If you’ve never used them before, you may be wondering just what are essential oils?
The term “essential oil” comes from the Latin word, essential, which means essence or pertaining to essence.
What are essential oils? Essential oils are highly potent natural aromatic compounds and volatile liquids which are distilled from seeds, roots, bark stems, leaves, flowers and other parts of plants. The oils are necessary for the life of the plant in much the same way that blood is necessary to us. Essential oils are the fuel that plants create as they absorb plant foods. The chemical makeup of essential oils is complex and often consists of hundreds of distinct chemical compounds. Over 3,000 compounds have been properly identified, and the efficacy of essential oils is well established.
In their leaves, essential oils serve several functions. Their odors attract insects for pollination and they repel pests and other germs which could harm the plant. Although this varies widely by plant, it typically takes a minimum of 50 pounds of plant material to make one pound of essential oil.
Essential oils are composed of tiny molecules that can penetrate every cell and administer benefits at the most fundamental level to our body. The term “oil” can be misleading to some, as most oils do not have the consistency of what we think of for an oil. With a few exceptions most essential oils are light and watery.
When you use essential oils you are taking advantage of nature’s active ingredients in an extremely concentrated form. Essential oils are the most concentrated form of any botanical. Because of the high concentration, it is extremely important that care be used.
The History of Essential Oils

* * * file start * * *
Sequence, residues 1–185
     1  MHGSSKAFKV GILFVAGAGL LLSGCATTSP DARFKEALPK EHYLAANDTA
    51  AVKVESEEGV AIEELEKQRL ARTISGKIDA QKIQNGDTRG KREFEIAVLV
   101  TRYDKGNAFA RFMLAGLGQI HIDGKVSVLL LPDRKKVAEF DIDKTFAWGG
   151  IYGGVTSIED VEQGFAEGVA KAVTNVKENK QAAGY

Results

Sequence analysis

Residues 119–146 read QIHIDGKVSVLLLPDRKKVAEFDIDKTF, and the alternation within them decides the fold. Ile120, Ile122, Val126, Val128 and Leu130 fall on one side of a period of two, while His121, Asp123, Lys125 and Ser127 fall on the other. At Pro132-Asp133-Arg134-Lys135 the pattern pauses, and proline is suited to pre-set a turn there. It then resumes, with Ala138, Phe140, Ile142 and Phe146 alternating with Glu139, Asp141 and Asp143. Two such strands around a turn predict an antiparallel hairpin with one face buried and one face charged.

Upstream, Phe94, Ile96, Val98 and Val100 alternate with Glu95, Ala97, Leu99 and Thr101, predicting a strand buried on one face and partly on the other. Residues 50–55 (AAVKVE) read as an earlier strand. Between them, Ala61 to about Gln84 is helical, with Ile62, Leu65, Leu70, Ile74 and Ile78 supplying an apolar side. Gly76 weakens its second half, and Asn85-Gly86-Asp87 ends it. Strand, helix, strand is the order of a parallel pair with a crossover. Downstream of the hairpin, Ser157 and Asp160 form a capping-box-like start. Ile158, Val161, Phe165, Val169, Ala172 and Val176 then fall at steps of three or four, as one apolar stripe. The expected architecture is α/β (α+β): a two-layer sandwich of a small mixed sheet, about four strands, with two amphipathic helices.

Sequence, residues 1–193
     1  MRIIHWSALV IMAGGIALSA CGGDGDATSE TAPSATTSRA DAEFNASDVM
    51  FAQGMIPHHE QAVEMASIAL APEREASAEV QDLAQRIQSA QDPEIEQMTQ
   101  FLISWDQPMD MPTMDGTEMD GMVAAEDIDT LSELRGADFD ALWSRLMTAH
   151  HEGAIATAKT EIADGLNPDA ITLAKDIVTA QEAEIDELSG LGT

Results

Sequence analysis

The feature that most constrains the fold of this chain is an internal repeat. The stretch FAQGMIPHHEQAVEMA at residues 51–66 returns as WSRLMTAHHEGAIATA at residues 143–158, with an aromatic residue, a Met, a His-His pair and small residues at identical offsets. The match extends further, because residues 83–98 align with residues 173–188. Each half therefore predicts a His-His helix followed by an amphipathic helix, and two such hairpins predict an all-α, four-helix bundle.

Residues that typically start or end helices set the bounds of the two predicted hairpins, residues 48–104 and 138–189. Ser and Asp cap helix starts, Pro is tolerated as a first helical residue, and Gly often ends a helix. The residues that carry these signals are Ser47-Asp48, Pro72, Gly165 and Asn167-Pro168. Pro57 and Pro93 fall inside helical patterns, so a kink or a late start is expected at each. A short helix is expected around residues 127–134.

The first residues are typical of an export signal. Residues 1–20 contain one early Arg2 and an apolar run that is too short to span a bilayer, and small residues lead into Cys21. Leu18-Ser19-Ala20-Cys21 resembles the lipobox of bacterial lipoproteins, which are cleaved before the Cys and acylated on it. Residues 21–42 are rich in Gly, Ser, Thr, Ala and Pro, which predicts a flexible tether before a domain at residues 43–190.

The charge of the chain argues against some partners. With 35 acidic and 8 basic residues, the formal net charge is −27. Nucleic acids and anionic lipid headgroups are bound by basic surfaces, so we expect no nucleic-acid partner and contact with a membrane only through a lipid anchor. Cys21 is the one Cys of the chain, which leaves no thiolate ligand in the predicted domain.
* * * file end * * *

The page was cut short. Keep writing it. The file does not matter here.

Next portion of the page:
Essential oils have been used throughout all of recorded history for medicinal purposes and have also been used for beautification, food preparation and currency.
The Egyptians were believed to be the first “true” aromatherapists. They used essential oils to fumigate sick rooms, for massage and in cosmetics. They also incorporated them into their religious ceremonies, burning frankincense at dawn as an offering to the sun and myrrh at dusk as an offering to the moon. Hieroglyphics in Egyptian temples describe oils recipes and depict blending of the oils.
The tombs of Pharaohs were filled with jars of essential oils. In 1922, when archaeologists entered the tomb of King Tut, there was a lingering fragrance in essential oils that had been there for over 3,000 years.
The Bible mentions essential oils repeatedly. In fact, there are at least 231 references to plants, herbs and holy oils in the Old and New Testament.
“Then the Lord said to Moses, “Take the following fine spices: 500 shekels of liquid myrrh, half as much of fragrant cinnamon, 250 shekels of fragrant cane, 500 shekels of cassia – all according to the sanctuary shekel – and a hint of olive oil. Make these into sacred anointing oil, a fragrant blend, the work of a perfumer. It we be sacred anointing oil.” Exodus 30:22-25
To get an idea of the value of essential oils in ancient times, we are told that frankincense and myrrh were given to Jesus at birth, along with gold. Myrrh is also mentioned in the burial of Jesus.
The father of modern medicine, Hippocrates, was and advocate of both aromatic baths and fumigation with aromatics. There are historical records that indicate that he fumigated Athens with an aromatic oil and saved the city from plague. Hippocrates developed herbal medicine into science by basing prescriptions upon observation and diagnosis of the patient.
Today, numerous scientific studies have supported that essential oils have the ability to support health.